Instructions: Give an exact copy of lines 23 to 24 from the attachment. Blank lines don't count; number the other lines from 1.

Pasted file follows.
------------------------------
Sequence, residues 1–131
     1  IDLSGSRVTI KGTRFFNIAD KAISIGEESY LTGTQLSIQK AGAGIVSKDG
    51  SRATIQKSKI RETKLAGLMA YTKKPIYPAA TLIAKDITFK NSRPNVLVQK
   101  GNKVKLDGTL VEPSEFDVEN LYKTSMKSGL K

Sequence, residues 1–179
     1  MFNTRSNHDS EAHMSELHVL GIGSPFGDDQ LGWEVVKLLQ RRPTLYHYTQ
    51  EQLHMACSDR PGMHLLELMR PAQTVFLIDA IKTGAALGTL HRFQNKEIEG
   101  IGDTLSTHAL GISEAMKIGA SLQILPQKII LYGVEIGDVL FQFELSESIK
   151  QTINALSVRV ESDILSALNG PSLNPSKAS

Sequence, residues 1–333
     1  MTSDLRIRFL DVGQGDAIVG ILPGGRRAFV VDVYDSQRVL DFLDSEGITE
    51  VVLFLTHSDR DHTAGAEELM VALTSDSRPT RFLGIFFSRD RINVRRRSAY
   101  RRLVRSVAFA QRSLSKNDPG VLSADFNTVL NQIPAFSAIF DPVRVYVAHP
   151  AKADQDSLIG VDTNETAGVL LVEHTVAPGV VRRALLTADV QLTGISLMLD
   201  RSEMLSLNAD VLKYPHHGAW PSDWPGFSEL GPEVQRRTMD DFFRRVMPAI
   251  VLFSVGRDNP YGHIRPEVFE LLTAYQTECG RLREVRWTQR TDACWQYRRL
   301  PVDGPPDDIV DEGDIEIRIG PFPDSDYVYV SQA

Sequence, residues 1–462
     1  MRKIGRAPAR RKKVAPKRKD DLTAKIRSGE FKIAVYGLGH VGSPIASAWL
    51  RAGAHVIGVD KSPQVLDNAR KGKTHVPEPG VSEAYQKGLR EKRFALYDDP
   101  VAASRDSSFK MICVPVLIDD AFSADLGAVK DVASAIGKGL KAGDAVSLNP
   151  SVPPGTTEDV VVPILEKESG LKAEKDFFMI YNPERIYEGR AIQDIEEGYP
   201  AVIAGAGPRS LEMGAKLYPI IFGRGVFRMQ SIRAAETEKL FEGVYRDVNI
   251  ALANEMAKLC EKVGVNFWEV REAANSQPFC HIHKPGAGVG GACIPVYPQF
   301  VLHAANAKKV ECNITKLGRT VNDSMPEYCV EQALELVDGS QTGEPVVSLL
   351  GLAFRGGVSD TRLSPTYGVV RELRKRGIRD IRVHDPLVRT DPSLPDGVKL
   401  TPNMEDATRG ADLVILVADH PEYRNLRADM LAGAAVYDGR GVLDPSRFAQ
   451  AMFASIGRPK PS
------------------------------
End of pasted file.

   201  AVIAGAGPRS LEMGAKLYPI IFGRGVFRMQ SIRAAETEKL FEGVYRDVNI
   251  ALANEMAKLC EKVGVNFWEV REAANSQPFC HIHKPGAGVG GACIPVYPQF